She said, because if you get these bacteria out so your body's not constantly having to fight all this bacteria that's accumulated in your mouth on your teeth, the rest of your body is going to be healthier. And she said, that applies to pets as well. Well, I'm realizing this applies to everything that stress is fungible. That's a big word, John. I know. That's from the $9 column on the big board of work. I'm impressed.

I mean, impressed. Right, right. But stress is fungible in that for us as people, but in this example, for our bodies, that our bodies have a certain amount of resources they can throw at whatever, at pick a problem. And if one of those problems is keeping your mouth clean or the infections that result from not taking care of your oral hygiene, then those resources are not available to be put towards other things that may be just as important.

But they're still not there. This is what she said. And I thought, okay, I mean, I don't mean to be weird. Everybody knows you're supposed to see your dentist.

Well, then why doesn't everybody do it? And there are people that saw Little Shop of Horrors. You'll be a dentist.

You'll have a thing for causing people pain. But in this case, yeah, she said there are people that have tremendous fear and they come in there and they try to slow walk them into this place where they realize that this is going to be okay. But I didn't realize, I think I'm still learning. It is. Yeah. I'm not dismissing the fear, but I am, I did not realize how deep the impact will go if you're not getting regular cleanings every six months and taking care of your mouth and your teeth. And I know for caregivers, that sounds really kind of, okay, Peter, really? I'm dealing with a, you know, a mother who is not able to even get up out of her bed and you're wanting me to go to the dentist. Yeah, I do. And I'll tell you why.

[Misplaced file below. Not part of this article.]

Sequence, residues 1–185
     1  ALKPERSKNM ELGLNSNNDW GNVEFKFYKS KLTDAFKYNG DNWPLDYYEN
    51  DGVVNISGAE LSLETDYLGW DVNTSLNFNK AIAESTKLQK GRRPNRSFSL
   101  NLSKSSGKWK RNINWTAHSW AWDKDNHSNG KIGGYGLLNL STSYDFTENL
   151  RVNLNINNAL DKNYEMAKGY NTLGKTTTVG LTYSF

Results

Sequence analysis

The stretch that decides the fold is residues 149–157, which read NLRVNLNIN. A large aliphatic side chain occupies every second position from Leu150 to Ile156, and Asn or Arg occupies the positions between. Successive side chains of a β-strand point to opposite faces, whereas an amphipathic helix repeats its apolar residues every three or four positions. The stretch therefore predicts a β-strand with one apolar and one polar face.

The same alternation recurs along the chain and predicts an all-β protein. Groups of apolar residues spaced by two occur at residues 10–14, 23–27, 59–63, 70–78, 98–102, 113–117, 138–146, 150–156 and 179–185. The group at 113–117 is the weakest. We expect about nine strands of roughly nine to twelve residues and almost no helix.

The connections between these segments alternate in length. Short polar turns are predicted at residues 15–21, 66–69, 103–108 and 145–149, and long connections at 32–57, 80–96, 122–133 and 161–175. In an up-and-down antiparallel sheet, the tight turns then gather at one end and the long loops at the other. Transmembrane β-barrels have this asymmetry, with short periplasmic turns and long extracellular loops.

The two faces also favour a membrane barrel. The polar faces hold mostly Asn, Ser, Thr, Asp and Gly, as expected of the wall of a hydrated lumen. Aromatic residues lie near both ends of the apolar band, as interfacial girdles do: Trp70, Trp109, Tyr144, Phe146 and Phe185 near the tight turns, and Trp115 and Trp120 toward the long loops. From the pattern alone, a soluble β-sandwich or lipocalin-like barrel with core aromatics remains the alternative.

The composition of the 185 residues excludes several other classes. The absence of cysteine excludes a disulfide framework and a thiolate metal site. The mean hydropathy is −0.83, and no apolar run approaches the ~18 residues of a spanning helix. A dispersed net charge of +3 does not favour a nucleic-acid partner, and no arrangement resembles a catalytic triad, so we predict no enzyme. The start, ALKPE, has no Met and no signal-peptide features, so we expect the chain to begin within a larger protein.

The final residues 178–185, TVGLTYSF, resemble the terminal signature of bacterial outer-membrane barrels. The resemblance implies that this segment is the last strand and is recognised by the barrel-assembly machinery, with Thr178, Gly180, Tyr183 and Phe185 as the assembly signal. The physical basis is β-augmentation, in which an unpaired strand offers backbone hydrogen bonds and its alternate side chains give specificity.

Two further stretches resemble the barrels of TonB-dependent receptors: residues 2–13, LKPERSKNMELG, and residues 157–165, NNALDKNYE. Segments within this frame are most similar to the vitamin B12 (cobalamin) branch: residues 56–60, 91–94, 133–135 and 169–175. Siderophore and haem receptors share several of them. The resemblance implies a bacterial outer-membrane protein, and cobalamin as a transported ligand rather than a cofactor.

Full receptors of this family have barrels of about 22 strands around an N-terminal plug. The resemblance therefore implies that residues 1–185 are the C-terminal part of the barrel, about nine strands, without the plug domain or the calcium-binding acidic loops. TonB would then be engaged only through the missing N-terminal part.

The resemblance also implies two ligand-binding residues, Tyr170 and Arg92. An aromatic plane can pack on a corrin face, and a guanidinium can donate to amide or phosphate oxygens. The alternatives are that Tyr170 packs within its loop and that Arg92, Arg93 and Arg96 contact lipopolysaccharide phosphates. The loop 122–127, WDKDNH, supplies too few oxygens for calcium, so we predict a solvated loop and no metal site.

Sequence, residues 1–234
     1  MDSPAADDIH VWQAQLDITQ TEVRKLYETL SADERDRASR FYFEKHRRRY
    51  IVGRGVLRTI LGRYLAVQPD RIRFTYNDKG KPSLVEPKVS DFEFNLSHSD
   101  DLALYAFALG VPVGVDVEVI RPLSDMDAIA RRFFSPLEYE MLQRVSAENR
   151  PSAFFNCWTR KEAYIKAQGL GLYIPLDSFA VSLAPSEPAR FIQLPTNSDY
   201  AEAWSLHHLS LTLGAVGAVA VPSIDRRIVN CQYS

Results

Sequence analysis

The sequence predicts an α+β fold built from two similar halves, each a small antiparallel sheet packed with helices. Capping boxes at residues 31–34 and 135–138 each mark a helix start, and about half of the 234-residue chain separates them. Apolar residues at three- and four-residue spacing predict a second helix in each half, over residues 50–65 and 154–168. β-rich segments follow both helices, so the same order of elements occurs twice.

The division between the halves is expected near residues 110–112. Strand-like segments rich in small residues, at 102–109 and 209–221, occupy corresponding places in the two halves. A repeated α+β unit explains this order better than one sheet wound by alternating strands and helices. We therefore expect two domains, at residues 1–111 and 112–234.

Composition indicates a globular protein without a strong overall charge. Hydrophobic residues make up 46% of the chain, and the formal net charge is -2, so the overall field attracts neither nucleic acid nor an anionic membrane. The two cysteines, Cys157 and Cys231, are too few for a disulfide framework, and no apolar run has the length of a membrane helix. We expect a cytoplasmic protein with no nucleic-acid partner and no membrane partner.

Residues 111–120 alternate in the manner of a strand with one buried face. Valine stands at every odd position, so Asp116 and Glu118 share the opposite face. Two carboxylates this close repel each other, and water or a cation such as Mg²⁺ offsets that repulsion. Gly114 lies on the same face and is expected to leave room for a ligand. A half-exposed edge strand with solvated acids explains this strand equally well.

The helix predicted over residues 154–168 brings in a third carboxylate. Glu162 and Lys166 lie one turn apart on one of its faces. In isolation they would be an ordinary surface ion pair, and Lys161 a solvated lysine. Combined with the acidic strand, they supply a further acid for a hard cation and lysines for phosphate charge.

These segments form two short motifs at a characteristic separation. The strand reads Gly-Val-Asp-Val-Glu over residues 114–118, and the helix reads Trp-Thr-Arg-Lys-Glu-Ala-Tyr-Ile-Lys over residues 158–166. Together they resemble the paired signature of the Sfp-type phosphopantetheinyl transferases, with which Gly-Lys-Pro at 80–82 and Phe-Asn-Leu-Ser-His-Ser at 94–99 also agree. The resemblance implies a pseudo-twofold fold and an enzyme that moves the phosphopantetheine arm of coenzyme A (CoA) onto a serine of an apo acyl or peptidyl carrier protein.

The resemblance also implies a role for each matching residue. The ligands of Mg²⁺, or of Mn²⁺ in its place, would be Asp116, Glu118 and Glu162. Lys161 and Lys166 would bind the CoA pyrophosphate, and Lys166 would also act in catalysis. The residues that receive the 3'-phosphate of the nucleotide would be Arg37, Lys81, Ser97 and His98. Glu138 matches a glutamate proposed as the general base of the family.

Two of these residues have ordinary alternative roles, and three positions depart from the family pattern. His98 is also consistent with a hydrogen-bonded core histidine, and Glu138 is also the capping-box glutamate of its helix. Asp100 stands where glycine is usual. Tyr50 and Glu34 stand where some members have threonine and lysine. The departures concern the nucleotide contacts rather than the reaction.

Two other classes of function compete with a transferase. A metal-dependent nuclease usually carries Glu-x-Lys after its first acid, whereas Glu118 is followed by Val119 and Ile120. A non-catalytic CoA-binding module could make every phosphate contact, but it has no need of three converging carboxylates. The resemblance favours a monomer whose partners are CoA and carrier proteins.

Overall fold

Because the healthier you are as a caregiver, the better shape you're going to be able to take care of your mother or whoever it is you're taking care of. But you don't, you can't put these things off. It's like John says, these things are dirigibles. No, fungibles. That's what you said, John.

Fungibles, not dirigibles. That was good. That was good. I credit where credit's due. Thank you very little.

But it's, these things are, it's not a zero-sum game with this. You cannot run at this kind of deficit physically. And you may think this is a simple thing given the light, given the magnitude of what you're carrying as a caregiver. And I get that, but I've been a caregiver now in my 34th year through a medical nightmare. Okay. And it's ongoing.